The word of the cross, and the promise of the Resurrectio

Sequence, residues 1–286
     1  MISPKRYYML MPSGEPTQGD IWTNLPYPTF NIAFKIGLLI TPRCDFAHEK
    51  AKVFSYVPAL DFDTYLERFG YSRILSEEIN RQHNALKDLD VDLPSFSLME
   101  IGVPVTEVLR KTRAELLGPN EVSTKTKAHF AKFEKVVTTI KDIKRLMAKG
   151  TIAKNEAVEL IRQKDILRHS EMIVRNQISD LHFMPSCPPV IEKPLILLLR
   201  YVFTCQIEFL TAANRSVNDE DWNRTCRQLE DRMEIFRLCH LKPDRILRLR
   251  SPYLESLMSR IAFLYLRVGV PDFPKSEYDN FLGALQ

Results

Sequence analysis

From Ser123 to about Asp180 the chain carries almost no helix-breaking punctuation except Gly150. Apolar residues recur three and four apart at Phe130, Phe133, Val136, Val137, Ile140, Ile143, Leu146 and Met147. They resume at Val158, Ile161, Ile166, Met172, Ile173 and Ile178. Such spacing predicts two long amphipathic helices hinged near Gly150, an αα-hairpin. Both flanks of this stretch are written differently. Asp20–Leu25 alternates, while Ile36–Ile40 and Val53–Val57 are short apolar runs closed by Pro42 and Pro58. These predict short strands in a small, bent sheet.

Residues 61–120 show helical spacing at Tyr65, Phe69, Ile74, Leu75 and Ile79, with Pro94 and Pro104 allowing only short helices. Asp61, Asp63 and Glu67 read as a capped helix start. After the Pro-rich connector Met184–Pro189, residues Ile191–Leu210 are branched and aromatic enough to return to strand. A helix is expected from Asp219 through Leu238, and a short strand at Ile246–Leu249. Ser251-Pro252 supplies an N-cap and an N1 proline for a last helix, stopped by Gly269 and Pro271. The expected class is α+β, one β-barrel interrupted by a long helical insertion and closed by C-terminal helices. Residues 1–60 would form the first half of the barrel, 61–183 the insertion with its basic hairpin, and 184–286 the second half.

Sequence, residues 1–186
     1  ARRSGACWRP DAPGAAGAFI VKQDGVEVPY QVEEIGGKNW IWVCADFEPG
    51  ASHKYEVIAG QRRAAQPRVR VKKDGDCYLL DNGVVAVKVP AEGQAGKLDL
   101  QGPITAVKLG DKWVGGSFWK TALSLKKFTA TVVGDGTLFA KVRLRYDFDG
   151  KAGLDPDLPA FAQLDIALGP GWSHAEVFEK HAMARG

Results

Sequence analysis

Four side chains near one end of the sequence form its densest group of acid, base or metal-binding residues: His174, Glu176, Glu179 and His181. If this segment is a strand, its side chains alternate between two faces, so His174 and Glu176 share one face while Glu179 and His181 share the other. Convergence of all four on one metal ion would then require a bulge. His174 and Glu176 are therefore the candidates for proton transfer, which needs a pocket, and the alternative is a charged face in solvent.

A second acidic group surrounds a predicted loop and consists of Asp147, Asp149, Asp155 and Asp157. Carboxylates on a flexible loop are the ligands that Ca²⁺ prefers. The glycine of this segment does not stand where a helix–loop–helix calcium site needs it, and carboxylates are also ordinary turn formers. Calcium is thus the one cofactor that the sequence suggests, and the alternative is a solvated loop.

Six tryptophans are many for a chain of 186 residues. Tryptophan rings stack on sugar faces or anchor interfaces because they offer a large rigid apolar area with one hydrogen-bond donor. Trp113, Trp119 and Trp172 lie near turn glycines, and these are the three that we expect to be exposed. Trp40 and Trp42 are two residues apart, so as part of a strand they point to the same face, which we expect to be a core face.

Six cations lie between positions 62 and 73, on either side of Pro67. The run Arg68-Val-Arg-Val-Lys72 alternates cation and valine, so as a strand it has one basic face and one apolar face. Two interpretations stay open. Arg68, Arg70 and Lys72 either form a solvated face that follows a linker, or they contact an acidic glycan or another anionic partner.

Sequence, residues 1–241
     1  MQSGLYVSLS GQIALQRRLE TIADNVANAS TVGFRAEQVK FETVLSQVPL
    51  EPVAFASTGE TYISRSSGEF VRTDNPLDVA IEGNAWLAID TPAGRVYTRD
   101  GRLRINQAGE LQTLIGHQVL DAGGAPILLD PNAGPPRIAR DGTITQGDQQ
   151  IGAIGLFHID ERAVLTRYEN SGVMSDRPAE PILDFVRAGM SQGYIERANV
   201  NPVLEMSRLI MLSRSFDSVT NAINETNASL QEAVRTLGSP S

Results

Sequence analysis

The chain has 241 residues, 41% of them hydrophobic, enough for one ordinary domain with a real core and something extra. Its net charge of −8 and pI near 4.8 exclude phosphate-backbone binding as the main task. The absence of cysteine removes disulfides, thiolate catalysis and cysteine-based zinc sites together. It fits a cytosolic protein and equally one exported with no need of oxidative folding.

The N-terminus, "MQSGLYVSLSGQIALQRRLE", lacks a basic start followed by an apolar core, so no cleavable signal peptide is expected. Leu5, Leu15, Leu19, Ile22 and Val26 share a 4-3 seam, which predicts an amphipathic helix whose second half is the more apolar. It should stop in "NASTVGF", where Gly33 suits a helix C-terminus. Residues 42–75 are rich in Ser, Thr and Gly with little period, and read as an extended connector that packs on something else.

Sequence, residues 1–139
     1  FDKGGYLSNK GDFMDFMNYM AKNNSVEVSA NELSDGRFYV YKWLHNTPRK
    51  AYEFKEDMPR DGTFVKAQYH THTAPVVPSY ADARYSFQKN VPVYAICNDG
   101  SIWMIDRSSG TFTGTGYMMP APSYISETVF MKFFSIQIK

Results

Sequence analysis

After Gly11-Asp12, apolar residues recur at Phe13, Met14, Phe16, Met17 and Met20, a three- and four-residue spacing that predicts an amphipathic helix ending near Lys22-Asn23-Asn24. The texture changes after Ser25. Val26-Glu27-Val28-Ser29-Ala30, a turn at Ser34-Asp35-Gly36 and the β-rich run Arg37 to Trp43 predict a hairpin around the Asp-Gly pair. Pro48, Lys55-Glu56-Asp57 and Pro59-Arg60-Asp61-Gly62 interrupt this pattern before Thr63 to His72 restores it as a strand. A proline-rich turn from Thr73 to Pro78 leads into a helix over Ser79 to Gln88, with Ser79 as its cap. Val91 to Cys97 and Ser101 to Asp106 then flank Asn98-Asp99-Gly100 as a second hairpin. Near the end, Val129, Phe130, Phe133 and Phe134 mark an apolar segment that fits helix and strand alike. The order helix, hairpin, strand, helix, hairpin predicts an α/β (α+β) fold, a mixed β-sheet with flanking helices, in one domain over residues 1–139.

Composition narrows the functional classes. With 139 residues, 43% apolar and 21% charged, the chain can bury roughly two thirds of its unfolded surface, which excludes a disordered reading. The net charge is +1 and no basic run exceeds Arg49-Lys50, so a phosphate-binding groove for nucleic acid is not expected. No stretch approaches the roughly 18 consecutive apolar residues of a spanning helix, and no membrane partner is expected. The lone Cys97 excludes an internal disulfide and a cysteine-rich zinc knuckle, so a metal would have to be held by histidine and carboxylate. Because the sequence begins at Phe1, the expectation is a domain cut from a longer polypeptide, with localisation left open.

This Sunday we enter into the week of our salvation. Our lives as Catholics flow from the events we remember on Passion Sunday and in the days that follow until Easter. Jesus' entrance into Jerusalem, his Last Supper, his agony in the Garden, his passion and death on the cross, his resurrection - these events changed the course of world history. Hardly anybody recognized it at the time. Historians of the day took little notice. That's how it is with the things of God. God moves in hidden and mysterious ways. God's ways are not our ways and his thoughts are higher than our thoughts. Jesus compared God's Kingdom to the yeast that makes bread rise and to the tiny seed that grows into a large tree. God is content to work in the background, unfolding his plans behind the scenes. For our salvation he did not rend the heavens and come down leading 12 legions of angels. Jesus came unnoticed, humbling himself to be born as an infant in a mother's womb. To redeem us from sin and death, he chose to suffer and die as a criminal, hanged on a tree, humiliated by the authorities, mocked by the crowds. His closest followers deserted him, leaving only his mother, a few women and one disciple to keep a lonely vigil at the foot of his cross. Yet death could not hold him. And the experience of his resurrection made the small band of his apostles bold to proclaim his Gospel and doctrine - despite the threat of torture and death. Within a generation or two, the tiny Church he founded was transforming the Roman Empire from the bottom up and the inside out. Not through politics and not by violence. But by the force of people simply living his teachings without compromise. God does not need to act by big, earth-shattering events. His way is little. It is the way of love, the way of the cross. But we need eyes of faith to see the "greater things" he has promised to those who believe. We need ears to hear what St. Paul called "the word of the cross" (1 Corinthians 1: 18). The crowds who followed him to the gates of Jerusalem were expecting a Messiah-King to redeem them from their enemies and restore the kingdom to Israel. When they saw Jesus riding on a donkey, they believed Zechariah's prophecy was being fulfilled: "Behold your king … humble, and mounted on an ass." As a sign of their humble submission, they spread their clothes on the ground for Jesus to walk upon. They weren't expecting their King to be arrested, scourged and killed. They didn't understand yet that his Kingdom was not of this world. Matthew's Gospel tells us: "When he entered Jerusalem, all the city was stirred" (Matthew 21: 10). The Greek word here is also used to describe the tremors caused by an earthquake. The sense is that the people are literally "quaking" with expectation. I can't hear that word today without praying for our sisters and brothers in Japan, still suffering the aftershocks of the earthquake and tsunami. I find myself thinking and praying about the many worries and troubles that stir people's hearts today. Many are very worried right now about the state of the economy and the national budget crisis. Many are anxious over the debates in Sacramento and state capitals across the country - crucial debates about the priorities and purposes of government, and its size and reach. This Holy Week reminds us to keep a spiritual perspective. We need to see everything in the light of the Blessed One who comes to us in this Holy Week. In his cross, we see how much he loves each one of us. By his cross and resurrection, he has won the victory for us. He makes it possible for us overcome sin and death. At Jerusalem's gates, Jesus wept because the people didn't realize their God had come to them. He wept because they wouldn't convert their hearts - to seek in him the things that make for peace. As we pray for one another this week, let us open wide the gates of our hearts. Let us welcome Jesus into our lives with rejoicing and love. His Kingdom is still growing in our midst, although still today many do not recognize it. His Kingdom grows with each little victory we make over our selfishness and weakness. His Kingdom grows through every little act of love we make, through every beautiful thing we do for God. I ask Our Lady of Guadalupe to watch over your families during this Holy Week. I ask that she help you to always hear the word of the cross and to know the promise of your resurrection.